Okinawa's Agent Orange fears return with discovery of buried US barrels
Authorities demand the US reveal what now-empty Dow Chemical barrels, discovered buried on former air force land, once contained
Julian Ryall in Tokyo
Persistent suspicions that the United States stored the defoliant Agent Orange at its bases on Okinawa are back in the spotlight after the recent discovery of ageing chemical barrels buried on former US Air Force land.
Although the US military has consistently denied ever using Okinawa to store or transport the chemical - which has been linked to illnesses and birth defects - officials and environmental groups on Okinawa have expressed their anger over the find and are demanding information.
On June 13, 15 barrels were uncovered during work to lay a soccer field in Okinawa City. One bore the name of US firm Dow Chemical and, most worryingly, environmentalists say, the barrels were all empty.
Dow was one of the manufacturers of Agent Orange during the Vietnam war, when it was widely used to clear jungles and expose Vietcong fighters.
"They had been buried about one metre below the surface and were empty because the contents had leaked out into the surrounding area," said Masami Kawamura, director of environmental policy at the Citizens' Network for Biodiversity on Okinawa.
"This has caused a lot of concern among the people of Okinawa and we are calling on the city, the prefecture, the Okinawa Defence Bureau and the national government to carry out a thorough investigation - with transparency and accountability - into how these barrels were buried and what they originally contained," she said. "But already the Japanese and US governments are trying to cover this up."
Adding to Okinawans' concerns is a report by the Okinawa Defence Bureau that has identified high levels of aircraft fuel and petrol on land that was previously part of the US military's Camp Kuwae, also called Camp Lester.
US military veterans claim to have been involved in the unloading of drums of chemicals and spraying of herbicides around the perimeter fences of military facilities on Okinawa. Thirty years on, those former servicemen are suffering chronic illnesses that they blame on exposure to chemicals on Okinawa.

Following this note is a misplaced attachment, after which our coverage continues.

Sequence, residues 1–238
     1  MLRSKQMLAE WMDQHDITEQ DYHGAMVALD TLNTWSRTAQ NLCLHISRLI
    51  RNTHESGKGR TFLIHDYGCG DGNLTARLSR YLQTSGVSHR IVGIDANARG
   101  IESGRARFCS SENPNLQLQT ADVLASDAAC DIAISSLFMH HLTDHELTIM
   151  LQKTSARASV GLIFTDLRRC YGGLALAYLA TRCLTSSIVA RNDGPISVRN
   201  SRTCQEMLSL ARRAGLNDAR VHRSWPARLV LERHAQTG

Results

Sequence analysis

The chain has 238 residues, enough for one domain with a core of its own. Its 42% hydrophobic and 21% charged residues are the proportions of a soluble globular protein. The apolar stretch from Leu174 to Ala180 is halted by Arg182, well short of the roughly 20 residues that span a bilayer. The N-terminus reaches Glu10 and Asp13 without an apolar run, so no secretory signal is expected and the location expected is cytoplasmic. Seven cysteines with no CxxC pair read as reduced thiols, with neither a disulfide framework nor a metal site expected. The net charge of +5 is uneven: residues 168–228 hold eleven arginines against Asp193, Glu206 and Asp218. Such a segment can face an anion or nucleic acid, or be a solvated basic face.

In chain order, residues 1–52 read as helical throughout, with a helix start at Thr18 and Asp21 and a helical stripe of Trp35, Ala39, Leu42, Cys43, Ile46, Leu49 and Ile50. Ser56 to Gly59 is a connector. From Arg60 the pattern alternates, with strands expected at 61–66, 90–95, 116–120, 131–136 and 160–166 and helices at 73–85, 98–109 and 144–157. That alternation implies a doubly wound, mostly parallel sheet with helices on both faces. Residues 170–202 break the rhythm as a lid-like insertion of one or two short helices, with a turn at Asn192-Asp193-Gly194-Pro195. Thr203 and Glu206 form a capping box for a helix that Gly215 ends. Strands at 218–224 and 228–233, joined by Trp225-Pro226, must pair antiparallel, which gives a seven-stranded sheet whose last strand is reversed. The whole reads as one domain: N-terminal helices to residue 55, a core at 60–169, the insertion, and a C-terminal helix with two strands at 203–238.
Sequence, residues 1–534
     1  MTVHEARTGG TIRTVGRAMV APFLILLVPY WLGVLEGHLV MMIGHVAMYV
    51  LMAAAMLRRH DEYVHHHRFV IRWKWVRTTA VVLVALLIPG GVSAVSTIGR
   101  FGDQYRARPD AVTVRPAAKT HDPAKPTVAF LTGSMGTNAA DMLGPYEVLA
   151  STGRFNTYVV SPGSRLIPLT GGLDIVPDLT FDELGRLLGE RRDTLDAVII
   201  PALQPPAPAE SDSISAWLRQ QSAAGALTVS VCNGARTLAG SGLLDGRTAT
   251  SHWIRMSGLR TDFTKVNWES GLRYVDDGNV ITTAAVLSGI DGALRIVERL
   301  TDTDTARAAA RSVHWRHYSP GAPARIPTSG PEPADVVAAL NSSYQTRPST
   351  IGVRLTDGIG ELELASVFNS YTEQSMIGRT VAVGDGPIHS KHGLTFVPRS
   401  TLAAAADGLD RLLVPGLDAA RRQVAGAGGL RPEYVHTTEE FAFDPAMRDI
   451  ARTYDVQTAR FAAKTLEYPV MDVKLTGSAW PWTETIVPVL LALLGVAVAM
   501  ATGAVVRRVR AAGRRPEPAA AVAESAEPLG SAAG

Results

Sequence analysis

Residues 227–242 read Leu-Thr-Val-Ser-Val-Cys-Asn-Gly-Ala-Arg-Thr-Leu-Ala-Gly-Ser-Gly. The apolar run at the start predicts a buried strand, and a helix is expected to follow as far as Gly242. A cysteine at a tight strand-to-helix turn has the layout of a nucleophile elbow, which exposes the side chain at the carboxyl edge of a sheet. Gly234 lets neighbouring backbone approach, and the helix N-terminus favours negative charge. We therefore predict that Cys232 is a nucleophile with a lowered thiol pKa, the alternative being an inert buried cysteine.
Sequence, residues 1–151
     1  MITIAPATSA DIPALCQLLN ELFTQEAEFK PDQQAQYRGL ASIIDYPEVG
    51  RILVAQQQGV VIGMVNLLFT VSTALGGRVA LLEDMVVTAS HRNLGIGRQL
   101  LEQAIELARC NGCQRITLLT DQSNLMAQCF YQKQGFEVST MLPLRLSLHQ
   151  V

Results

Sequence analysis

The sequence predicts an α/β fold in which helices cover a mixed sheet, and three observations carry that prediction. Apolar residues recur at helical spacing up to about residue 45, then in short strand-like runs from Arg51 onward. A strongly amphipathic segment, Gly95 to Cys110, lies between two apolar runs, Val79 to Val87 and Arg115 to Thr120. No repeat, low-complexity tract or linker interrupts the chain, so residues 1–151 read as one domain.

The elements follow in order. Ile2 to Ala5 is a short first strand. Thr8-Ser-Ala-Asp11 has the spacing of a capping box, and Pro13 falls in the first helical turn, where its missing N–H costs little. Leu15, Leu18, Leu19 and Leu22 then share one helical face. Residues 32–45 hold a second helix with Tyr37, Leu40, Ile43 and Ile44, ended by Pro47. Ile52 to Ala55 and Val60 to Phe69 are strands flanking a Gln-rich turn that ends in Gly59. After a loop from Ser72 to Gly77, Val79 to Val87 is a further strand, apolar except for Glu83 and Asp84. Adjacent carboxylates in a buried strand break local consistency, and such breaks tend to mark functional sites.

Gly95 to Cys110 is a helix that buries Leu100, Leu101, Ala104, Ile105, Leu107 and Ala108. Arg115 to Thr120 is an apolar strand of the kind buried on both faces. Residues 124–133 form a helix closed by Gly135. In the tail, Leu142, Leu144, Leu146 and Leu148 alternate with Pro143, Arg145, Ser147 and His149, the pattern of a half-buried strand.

Rick Dewess, a former marine who was stationed on Okinawa in 1969 and 1970, suffers from a range of medical complaints, including diabetes, ischaemic heart disease and respiratory complaints. He blames dioxin contained in Agent Orange.
Dewess told The Japan Times that his wife had suffered a miscarriage, their first son had a kidney removed and required two further operations before the age of five, and that their second son had medical problems linked to his spine and thyroid.
The Pentagon denies Agent Orange was ever on Okinawa. "The United States takes allegations of Herbicide Orange exposure and related health problems very seriously," US Air Force Lieutenant Colonel David Honchul said. "However, the US government and independent expert researchers under contract have searched and have not found any documentary evidence that Herbicide Orange was ever used in, stored on or shipped through Okinawa.
"The veterans who made claims about Herbicide Orange remembered actual events that happened. However, the source documents showed that while these events took place, either the material involved was not Herbicide Orange or the location was not Okinawa."
Nevertheless, officials in the Okinawa government say local people are concerned.
"Cities, towns and villages throughout the prefecture are bringing their power together to try to get more information," a spokesman for the prefecture said. "We want the governments of Japan and the US to take civilians' worries seriously and to fully answer their questions."
Kawamura said: "I believe the stories that the veterans have told us, but the US cannot admit that it used Agent Orange here in Okinawa because they would have to pay huge amounts of compensation to everyone affected."